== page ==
Wednesday, June 11, 2008


Dr. Alok Chantia, Lecturer,Dept. of Anthropology, Sri J.N.P.G.College,Lucknow
Dr. Preeti Misra Lecturer,Dept.of Human Rights,School for Legal Studies,Babasaheb Bhimrao Ambedkar
University,Lucknow;Formerly Lecturer in Dept.of Law, Sri J.N.P.G.College,Lucknow
Dr.D.K.Singh, Reader, Dept. of Social Work, Lucknow University, Lucknow
Indian newspapers periodically publish reports about women who, after being accused of
being witches, have been beaten, had their heads shaved or had strings of shoes hung
around their necks and some have been killed.Many times the belief in witchcraft leads to
violent incidents resulting in the plucking of teeth, breaking of hands and legs, cutting off
the tongues, and in some cases burning to death of the so-called witches. Gruesome
murders take place and sometimes women are banished from the village after subjecting
them to severe torture. The woman are stripped, tortured and taken to a local witch doctor
who conducts elaborate rituals to rid her of an evil spirit that villagers believe had
possessed her. The villagers then ask her to leave the village. Some women are branded
as witches and killed and sometimes even their husbands are eliminated by relatives to
usurp their property.
Superstition and faith in witchcraft often are a ploy for carrying out violence against
women. Superstition is only an excuse. Often a woman is branded a witch so that one can
throw her out of the village and grab her land, or to settle scores, family rivalry, or
because powerful men want to punish her for spurning their sexual advances. Sometimes
it is used to punish women who question social norms.
Witchcraft (Dayan Pratha) is nothing but violence against women, it is antithesis of
empowerment of women. The belief in witchcraft and its practice seem to have been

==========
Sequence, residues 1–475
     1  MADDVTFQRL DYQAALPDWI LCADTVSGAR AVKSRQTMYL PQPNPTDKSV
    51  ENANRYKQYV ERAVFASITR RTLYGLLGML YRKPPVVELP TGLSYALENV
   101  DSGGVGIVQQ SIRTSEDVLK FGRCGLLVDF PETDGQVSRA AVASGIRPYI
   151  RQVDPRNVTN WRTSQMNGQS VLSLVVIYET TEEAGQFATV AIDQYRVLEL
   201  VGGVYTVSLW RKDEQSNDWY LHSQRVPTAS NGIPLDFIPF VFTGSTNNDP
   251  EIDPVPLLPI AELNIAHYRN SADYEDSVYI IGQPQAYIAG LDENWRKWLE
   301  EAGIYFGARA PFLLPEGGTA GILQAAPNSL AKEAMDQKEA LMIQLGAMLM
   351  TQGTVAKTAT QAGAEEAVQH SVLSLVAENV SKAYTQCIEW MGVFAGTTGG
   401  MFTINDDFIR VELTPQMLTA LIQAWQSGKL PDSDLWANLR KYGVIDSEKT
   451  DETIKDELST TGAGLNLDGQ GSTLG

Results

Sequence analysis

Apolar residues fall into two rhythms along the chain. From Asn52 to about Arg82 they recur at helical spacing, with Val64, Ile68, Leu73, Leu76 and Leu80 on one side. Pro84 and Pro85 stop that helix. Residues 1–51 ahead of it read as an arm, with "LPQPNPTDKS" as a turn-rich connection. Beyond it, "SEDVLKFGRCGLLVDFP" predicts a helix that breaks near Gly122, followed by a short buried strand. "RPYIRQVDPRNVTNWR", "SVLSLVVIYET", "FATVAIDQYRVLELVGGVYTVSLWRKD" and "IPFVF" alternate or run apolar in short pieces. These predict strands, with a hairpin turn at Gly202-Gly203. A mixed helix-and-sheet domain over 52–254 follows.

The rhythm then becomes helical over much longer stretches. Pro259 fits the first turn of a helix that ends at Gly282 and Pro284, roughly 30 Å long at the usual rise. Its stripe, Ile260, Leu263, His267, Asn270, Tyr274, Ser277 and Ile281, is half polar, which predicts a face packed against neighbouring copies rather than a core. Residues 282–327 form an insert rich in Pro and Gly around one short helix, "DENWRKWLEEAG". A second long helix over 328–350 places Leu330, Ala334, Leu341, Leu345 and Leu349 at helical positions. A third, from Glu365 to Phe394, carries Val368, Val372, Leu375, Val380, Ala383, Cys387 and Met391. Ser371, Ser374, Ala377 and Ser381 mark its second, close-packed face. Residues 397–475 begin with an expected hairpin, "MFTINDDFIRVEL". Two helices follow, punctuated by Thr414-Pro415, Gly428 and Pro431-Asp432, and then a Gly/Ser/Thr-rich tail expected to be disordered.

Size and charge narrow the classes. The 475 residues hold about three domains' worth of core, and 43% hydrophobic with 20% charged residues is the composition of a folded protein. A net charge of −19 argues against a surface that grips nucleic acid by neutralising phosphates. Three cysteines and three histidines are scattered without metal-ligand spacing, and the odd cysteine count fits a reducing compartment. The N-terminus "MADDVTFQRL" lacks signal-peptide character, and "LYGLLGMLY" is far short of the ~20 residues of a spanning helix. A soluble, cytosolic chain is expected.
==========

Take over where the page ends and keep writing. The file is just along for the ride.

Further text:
widespread in the world over. In India in the Vedic Age, witches were recognized and
called as yogins. In present Indian society the phenomenon of witchcraft is not only
prevalent in tribal and rural societies but is also found in modern urban societies. The UN
has also released figures of the victims of witchcraft and black magic around the world.
The world body has named India along with countries in Africa, Asia and South America
as a high-incidence zone for witchcraft related killings.
In India, the highest incidence of witchcraft-related crimes occur in Andhra Pradesh,
Bihar, Chhattisgarh, Orissa, Jharkhand and Uttar Pradesh. But only a few Indian states
have outlawed witch-hunting. As the fear of witchcraft and its existence is culturally
rooted, sometimes even the lower rung of the police and others fail to take note of the
violence. At times the criminals escape punishment for their misdeeds. Only 2 percent of
people charged with witch-hunting are convicted in court. People go scot-free because
witnesses are hard to come by.
The present paper highlights historical and present day phenomenon of witchcraft in
tribal, rural and urban societies of India. It makes an in depth analysis of etiology of
witchcraft and propagates for a strong central legislation to punish the wrongdoers who in
the name of superstition perpetuate all kinds of violence against women. The paper also
emphasizes upon the role of society, media, police and judiciary in educating the masses
and in combating violence against women in the name of witchcraft.

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